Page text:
In a little over two years, Ohio State president E. Gordon Gee has managed to offend a whole lot of folks.
He’s mocked, belittled, denigrated or damned everybody from the Little Sisters of the Poor, the Polish Army and Texas Christian University to — in his most recent foot-in-mouth episode — “damn Catholics,” Notre Dame, the entire SEC, the state of Kentucky’s two most prominent universities and Big Ten commissioner Jim Delaney.
At least one person with real knowledge of that December meeting of the OSU Athletic Council — when Gee’s latest series of offensive quips were tape recorded — said the president also made some unkind assessments of some of Ohio’s other colleges, specifically MAC schools.
Talk about a guy being self-centered, arrogant and totally tone deaf.
But two years ago — at a nothing-to-joke-about press conference to address the transgressions of then football coach Jim Tressel — Gee said the truest thing I’ve ever heard him say.
As he stood at the podium in front of a room full of media, Gee was asked if he had considered firing Tressel.
“Let me be just very clear” Gee said. “I’m just hopeful the coach doesn’t dismiss me.”
Although he came off as something of a buffoon, Gee was right on the money with one thought.
He should be worried about being shown the door.
For all the donations he drums up at those back-slapping fund raisers — and Gee, who Time magazine named its college president of the year in 2010, is a great fundraiser — he is a lightning rod for controversy and negative publicity, and in the process, the school gets scorched.
I don’t think the guy is mean spirited or a bigot. Not at all. He’s intelligent, often likeable, sometimes funny and sometimes self-deprecating, but he’s also fully self-absorbed, pompous and presumptuous.
Maybe the sense of entitlement comes because he makes so much — at an annual salary of nearly $1.9 million a year, he’s the highest paid CEO of a public university in the nation — or because he’s allowed to spend so much (of other people’s money) without thought or restraint.
Our newspaper found that over the past five years or so, his expenses at OSU have averaged out to about $1.6 million a year.
Before returning to OSU for this second stint as president, he held the same job at Vanderbilt University and was criticized there for the extravagant amount of money he spent to renovate his living quarters. The same thing happened when he was at Brown University, where his remodeling of the president’s residence there cost several million dollars.
He stayed there only two years at Brown and left under a storm of criticism.
When you are given a blank check to spend what you want you might think that extends to saying whatever you want, as well.
The latest controversy came to light when the Associated Press recently obtained a tape of Gee’s comments at the December gathering.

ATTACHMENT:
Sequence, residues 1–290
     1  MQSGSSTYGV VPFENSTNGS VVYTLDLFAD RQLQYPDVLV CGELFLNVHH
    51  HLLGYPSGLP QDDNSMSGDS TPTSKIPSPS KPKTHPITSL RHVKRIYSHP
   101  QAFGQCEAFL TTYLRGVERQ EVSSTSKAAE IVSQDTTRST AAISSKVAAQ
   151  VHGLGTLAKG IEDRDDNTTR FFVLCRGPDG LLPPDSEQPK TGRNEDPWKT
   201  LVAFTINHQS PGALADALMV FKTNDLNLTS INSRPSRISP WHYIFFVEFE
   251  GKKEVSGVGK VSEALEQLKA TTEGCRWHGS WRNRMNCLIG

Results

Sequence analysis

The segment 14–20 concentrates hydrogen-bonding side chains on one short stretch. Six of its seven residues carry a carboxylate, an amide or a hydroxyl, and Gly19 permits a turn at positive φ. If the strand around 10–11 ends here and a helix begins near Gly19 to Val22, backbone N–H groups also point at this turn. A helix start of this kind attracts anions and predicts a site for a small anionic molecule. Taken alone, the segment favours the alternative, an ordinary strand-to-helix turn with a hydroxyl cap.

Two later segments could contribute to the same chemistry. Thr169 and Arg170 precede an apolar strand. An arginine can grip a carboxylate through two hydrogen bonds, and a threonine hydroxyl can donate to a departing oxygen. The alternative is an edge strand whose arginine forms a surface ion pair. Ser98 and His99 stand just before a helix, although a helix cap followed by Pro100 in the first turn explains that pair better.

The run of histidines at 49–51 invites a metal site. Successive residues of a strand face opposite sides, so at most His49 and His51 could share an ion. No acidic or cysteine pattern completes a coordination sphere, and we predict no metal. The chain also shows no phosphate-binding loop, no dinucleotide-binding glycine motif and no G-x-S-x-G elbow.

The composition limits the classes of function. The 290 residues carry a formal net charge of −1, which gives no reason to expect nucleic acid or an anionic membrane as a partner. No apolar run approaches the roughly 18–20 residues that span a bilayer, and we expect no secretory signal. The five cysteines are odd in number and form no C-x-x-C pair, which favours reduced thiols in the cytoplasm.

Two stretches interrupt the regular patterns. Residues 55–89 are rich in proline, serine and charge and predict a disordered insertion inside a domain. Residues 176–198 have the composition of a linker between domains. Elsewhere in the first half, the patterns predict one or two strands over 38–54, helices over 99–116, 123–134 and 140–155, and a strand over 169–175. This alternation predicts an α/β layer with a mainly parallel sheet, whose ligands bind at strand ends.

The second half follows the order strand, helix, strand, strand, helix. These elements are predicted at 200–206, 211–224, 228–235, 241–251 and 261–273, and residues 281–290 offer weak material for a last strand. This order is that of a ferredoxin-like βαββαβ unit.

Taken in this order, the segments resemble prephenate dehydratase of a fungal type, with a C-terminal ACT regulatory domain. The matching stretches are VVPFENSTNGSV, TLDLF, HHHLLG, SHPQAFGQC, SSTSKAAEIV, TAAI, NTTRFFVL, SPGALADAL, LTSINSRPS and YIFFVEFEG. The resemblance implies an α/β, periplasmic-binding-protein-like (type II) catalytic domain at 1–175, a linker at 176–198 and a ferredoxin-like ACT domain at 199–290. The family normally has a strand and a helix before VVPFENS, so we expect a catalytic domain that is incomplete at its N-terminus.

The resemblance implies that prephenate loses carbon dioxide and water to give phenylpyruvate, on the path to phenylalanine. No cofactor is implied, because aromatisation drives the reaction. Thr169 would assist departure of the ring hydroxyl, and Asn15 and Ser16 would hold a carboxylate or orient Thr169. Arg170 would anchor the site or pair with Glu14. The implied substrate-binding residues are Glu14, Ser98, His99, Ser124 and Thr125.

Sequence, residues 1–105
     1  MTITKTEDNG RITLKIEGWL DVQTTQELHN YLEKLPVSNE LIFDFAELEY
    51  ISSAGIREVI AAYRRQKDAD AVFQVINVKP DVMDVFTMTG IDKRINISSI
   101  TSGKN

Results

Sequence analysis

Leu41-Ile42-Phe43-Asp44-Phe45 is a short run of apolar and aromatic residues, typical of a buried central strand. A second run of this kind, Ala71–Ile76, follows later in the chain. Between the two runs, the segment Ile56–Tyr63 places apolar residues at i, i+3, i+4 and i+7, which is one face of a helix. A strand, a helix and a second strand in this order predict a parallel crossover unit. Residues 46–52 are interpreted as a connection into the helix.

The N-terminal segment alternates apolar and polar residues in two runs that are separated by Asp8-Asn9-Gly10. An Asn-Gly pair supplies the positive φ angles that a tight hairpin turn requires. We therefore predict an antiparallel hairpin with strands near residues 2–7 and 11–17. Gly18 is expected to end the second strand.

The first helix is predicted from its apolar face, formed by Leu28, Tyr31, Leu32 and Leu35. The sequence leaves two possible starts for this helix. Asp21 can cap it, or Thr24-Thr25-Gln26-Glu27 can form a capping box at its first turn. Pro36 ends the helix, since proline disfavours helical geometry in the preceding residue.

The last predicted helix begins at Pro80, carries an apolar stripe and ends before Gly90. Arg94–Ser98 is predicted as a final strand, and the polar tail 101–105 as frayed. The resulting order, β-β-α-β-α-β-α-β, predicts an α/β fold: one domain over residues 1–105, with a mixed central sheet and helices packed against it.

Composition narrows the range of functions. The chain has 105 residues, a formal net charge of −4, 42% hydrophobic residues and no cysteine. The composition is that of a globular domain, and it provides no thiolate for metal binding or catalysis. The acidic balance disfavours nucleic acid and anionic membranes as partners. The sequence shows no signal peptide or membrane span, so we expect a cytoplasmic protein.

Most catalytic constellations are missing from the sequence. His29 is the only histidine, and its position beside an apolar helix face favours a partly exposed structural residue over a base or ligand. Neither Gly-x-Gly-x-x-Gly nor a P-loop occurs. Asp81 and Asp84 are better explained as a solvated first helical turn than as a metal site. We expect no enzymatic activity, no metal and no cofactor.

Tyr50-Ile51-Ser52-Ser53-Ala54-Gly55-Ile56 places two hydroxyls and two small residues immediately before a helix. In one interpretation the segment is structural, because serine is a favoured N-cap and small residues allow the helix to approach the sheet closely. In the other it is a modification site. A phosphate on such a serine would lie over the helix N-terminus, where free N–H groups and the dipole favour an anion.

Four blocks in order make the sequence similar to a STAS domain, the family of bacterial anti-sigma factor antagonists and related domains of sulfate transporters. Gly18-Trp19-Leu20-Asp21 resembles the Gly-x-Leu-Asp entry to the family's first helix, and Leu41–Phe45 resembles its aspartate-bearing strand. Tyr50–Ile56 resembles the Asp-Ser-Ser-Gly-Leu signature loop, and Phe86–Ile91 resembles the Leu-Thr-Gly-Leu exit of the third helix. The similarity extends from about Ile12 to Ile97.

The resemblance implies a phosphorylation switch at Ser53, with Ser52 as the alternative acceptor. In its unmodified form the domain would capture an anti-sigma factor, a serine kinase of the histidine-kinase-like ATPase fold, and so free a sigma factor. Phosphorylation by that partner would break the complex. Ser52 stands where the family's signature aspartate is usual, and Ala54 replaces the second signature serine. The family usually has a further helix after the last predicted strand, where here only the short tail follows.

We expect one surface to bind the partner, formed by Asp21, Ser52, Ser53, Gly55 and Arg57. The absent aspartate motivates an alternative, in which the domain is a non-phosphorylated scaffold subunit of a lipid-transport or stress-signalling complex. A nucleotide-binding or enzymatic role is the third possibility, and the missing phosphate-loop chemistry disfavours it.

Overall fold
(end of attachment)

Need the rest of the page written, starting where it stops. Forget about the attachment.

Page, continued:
When discussing negotiations with Notre Dame, Gee said: “The fathers are holy on Sunday, and they’re holy hell on the rest of the week … You just can’t trust those damn Catholics on a Thursday or a Friday.”
On expanding the Big Ten, he said the goal of the school’s presidents was to “make certain that we have institutions of like-minded academic integrity … So you won’t see us adding Louisville.”
There was some laughter from the audience when he said that and then he added that the Big Ten, for the same reason, wouldn’t be adding the University of Kentucky either.
As for the SEC — which has beaten OSU like a drum on the field in recent years — he was especially dismissive: “You tell the SEC when they can learn to read and write, then they can figure out what we’re doing.”
While the comments were met with laughter, I know at least one athletic council member who wasn’t amused by Gee’s inappropriate and arrogant comments once again.
Gee was called on the carpet in January and is said to be going through some kind of sensitivity training or something. That seems like something you do with junior high kids who step out of line, not university presidents who know better.
Gee has apologized and said things like “the comments I made were plain wrong … It was a poor attempt at humor … It was entirely appropriate.”
He’s offered this same type of mea culpa many times before.
Ohio State keeps putting up with this stuff because Gee can raise money, but one day the school may choose to commemorate him the way Brown University still does.
Every year during Spring Weekend at Brown, rows of portable toilets are rolled out along with a sign that reads:
“The E. Gordon Gee Lavatory Complex.”
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